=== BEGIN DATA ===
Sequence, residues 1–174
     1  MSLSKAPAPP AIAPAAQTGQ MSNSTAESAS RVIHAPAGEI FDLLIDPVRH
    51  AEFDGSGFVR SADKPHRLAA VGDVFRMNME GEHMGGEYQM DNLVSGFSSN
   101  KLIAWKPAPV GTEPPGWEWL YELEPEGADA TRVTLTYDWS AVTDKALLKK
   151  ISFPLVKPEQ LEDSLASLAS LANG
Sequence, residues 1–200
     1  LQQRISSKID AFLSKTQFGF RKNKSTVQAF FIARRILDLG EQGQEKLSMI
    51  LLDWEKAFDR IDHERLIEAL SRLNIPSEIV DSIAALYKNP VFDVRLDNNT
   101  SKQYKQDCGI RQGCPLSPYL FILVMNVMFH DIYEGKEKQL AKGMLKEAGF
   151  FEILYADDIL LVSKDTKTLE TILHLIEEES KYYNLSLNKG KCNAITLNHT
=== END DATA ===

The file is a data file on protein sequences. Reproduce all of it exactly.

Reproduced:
Sequence, residues 1–174
     1  MSLSKAPAPP AIAPAAQTGQ MSNSTAESAS RVIHAPAGEI FDLLIDPVRH
    51  AEFDGSGFVR SADKPHRLAA VGDVFRMNME GEHMGGEYQM DNLVSGFSSN
   101  KLIAWKPAPV GTEPPGWEWL YELEPEGADA TRVTLTYDWS AVTDKALLKK
   151  ISFPLVKPEQ LEDSLASLAS LANG
Sequence, residues 1–200
     1  LQQRISSKID AFLSKTQFGF RKNKSTVQAF FIARRILDLG EQGQEKLSMI
    51  LLDWEKAFDR IDHERLIEAL SRLNIPSEIV DSIAALYKNP VFDVRLDNNT
   101  SKQYKQDCGI RQGCPLSPYL FILVMNVMFH DIYEGKEKQL AKGMLKEAGF
   151  FEILYADDIL LVSKDTKTLE TILHLIEEES KYYNLSLNKG KCNAITLNHT